Telecom operators are pushing the government to explore legal ways to bring back Aadhaarbased customer verification, by either approaching the Supreme Court for allowing voluntary use of the unique 12-digit number for the electronic know your customer (e-KYC) process or bringing in a legislative framework.
The view is that if mobile phone companies are allowed to offer Aadhaar-based verification as a voluntary option to customers, then they do not need to implement any other digital KYC method, a time-taking and costly affair.
This comes even as the Department of Telecommunications (DoT), Unique Identification Authority of India (UIDAI) and carriers have worked out a new way of e-KYC — a live picture of the user with the time stamp and a photo of a government-issued ID card.
According to officials in the know, the matter was discussed at a meeting last week between DoT, UIDAI and operators. “We still believe Aadhaar is the most secure from the security point of view and the best method to ensure customer privacy is maintained,” said Rajan Mathews, director general, Cellular Operators Association of India, which represents all non-state telecom companies.
“We have requested DoT to see if Aadhaar can be brought back under conditions that comply with the Supreme Court’s order.” The proposal may require discussing it with the home ministry or other legislative bodies.
The court had, last month, struck down a provision in the Aadhaar Act that allowed biometric verification by private entities. Aadhaar-based e-KYC had helped telcos scale up quickly and save on the considerable costs required for paper-based verification.
But by the time the order came, 90% of new subscriptions had already used the unique ID due to factors such as convenience, though some avoid giving the biometric ID on fears of privacy and data leakage. More than 500 million, or about half of India’s mobile phone users, have linked Aadhaar to their phone numbers.
A senior executive at a prominent telecom company confirmed that in a meeting held last week, DoT was told to see if Aadhaar-based verification can still be an option.
“We asked DoT to look at legal options that will allow telcos to digitally verify subscribers who volunteer Aadhaar,” said the executive, who did not want to be named. According to him, DoT told them that it was reviewing all possibilities.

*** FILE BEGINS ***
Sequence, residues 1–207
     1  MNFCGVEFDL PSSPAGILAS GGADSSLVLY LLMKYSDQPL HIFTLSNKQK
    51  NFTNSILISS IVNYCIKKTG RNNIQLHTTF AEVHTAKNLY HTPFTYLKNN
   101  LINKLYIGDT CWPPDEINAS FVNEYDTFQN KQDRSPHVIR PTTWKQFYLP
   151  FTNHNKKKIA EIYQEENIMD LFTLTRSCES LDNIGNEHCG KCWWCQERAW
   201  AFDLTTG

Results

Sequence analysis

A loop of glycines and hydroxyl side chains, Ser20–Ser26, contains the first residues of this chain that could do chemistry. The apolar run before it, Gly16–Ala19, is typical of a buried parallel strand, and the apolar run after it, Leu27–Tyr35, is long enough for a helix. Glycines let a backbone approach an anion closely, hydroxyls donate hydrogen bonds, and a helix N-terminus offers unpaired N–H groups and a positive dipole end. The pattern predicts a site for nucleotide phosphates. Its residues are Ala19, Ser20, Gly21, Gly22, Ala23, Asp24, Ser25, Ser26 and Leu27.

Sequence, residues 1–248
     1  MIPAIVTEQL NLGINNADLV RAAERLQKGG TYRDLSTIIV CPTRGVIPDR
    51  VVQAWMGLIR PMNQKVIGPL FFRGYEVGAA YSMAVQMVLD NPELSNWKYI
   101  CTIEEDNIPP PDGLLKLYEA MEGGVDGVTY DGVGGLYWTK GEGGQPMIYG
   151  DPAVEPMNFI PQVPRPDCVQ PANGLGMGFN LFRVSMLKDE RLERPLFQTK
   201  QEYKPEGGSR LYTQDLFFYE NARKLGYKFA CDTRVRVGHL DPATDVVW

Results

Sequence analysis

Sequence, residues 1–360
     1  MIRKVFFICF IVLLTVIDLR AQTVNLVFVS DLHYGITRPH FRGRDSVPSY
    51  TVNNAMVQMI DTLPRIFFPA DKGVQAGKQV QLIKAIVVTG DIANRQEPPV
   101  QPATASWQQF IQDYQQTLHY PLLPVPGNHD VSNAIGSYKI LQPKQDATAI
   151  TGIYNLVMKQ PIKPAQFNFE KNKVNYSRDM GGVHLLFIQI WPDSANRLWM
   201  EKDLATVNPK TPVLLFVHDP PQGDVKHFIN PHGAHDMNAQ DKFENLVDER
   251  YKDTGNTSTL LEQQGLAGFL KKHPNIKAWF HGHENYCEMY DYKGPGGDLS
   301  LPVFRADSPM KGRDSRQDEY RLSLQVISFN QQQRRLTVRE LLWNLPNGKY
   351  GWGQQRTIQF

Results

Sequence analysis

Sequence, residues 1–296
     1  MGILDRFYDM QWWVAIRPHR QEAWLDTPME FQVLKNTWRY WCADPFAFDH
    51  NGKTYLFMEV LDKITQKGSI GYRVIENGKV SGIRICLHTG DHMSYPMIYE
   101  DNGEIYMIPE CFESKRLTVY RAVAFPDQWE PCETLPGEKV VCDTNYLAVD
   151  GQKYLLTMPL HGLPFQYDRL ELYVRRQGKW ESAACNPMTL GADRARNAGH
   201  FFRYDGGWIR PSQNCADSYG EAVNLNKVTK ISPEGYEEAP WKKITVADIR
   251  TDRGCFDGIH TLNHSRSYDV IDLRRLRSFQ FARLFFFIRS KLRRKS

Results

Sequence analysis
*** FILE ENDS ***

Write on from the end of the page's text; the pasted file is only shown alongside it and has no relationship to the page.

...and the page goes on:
Finance minister Arun Jaitley has previously indicated that last month’s court order offered scope for private companies such as telecom operators to still use the Aadhaar-based authentication system if it’s backed by a new law.
Telcos have already submitted plans to exit Aadhaar-based verification. This was followed by a meeting with DoT, where the Apex Advisory Council for Telecom in India (ACT), which includes industry body COAI, presented DoT with other forms of verification.
A government official confirmed that even though the Centre was working on a new app for authentication — whereby instant SIM cards can be issued by taking a live picture, time stamp and the photo of any valid government identification — telcos were more keen on bringing in a law to back using Aadhaar KYC.
Operators are not happy with the court order and some had written to UIDAI arguing that although they would comply with the verdict, all investments made so far in e-KYC would now be wasted if the process was completely scrapped.
While DoT’s instructions are yet to come in, confusion continues on how to digitally verify customers without Aadhaar. For instance, at its quarterly results meeting, Reliance Jio Infocomm said it continued to use the 12-digit code for digital verification of those who were ready to provide it. This would continue till further orders from DoT, it had said.
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